by Lowell Jaeger

He’d knock and open before I answered
in the locker room where busboys, prep-cooks,
and high school dishwasher jocks hung
their street clothes and readied for another shift.
I’d be unbuttoning my bellbottoms
when he’d settle in for a smoke like clockwork
on the bench too nearby as I stripped,
just the two of us, and we’d pretend
a conversation to cover over things unsaid.

Would I give him a ride on my new bike?
Sure, I said, maybe someday. Did I want him
so I’d have weekends for sw
not enjoy being singled out. And I let him
drape an arm around my shoulders,
buddy-like, down the long basement corridor
to the stairs up into the respectable world

where a small town queer was unimaginable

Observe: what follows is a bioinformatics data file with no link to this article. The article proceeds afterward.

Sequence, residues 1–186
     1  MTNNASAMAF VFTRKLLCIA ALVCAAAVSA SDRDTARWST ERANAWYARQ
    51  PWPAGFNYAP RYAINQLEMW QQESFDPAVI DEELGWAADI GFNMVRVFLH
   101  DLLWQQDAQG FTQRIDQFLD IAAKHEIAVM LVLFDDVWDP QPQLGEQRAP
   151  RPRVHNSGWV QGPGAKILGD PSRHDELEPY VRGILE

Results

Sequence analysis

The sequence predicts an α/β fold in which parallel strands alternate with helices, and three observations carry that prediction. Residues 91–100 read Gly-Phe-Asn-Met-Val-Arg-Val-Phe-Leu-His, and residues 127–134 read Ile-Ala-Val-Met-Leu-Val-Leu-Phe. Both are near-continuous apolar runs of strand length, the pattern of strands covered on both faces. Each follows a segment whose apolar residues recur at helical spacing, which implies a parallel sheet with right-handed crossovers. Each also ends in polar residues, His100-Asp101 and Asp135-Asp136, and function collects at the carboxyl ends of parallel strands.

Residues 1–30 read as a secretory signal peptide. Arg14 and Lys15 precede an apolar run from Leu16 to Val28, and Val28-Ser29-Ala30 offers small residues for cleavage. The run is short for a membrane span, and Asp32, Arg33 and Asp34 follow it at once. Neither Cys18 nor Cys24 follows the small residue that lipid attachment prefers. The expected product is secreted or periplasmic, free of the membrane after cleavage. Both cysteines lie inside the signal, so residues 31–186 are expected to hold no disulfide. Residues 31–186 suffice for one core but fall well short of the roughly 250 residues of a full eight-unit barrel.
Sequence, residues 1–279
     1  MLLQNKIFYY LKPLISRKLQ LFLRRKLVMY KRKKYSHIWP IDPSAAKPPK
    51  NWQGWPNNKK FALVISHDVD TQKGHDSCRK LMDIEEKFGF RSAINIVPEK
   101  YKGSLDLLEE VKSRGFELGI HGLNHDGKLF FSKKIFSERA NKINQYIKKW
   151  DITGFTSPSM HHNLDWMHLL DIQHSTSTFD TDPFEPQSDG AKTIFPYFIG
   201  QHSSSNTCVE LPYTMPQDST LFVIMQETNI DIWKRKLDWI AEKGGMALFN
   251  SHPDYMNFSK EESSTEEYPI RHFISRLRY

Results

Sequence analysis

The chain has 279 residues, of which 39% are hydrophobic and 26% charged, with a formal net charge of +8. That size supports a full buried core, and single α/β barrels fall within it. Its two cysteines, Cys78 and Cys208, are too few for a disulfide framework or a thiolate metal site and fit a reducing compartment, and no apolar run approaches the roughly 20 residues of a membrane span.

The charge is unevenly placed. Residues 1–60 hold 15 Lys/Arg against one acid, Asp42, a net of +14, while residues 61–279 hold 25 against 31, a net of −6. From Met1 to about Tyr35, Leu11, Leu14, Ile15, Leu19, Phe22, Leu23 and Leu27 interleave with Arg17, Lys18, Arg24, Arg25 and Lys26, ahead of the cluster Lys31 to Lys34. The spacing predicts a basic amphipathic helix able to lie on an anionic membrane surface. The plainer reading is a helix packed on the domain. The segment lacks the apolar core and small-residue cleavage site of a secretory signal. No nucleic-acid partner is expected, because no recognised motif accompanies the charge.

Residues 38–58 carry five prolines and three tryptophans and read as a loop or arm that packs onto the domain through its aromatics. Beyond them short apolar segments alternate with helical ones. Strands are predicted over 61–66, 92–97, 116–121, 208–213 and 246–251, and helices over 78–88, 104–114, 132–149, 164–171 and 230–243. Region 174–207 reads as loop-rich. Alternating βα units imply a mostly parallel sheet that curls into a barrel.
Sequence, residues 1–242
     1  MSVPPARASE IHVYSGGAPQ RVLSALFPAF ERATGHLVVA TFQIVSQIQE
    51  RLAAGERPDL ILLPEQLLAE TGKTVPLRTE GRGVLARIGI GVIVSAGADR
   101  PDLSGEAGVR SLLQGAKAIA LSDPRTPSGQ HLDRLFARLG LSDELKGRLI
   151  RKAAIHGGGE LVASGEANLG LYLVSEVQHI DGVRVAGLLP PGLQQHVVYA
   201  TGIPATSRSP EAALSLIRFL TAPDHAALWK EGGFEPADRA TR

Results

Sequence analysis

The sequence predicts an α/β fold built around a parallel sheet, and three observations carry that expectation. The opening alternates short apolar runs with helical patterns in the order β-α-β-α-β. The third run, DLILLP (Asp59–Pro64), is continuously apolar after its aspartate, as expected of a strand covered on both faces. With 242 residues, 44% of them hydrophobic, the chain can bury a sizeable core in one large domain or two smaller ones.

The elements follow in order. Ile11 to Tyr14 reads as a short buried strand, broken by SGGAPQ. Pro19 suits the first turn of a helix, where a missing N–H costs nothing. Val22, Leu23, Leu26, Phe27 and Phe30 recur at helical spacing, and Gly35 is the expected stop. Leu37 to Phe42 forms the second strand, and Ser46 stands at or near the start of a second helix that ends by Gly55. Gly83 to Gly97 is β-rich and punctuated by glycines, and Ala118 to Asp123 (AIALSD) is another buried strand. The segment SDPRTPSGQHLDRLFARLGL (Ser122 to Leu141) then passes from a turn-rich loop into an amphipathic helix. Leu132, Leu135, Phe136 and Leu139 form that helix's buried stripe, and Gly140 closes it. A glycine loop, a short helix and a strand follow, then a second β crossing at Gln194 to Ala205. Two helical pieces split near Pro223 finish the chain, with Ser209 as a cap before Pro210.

amidst linen tablecloths, suits and ties,
and fine ladies in their finest frocks.
He was twice my age. He was alone
in his own secret life. I was only beginning
to understand compassion, how much we all need
to be what we are and loved for it.
I’d be off to college that fall. Did I
have a girlfriend? I sure did. And would I

just give him a ride on my bike someday?
Sure, I said. Don’t you remember I said I would?
And I’d roar off into the dark and leave him
standing there watching me go.

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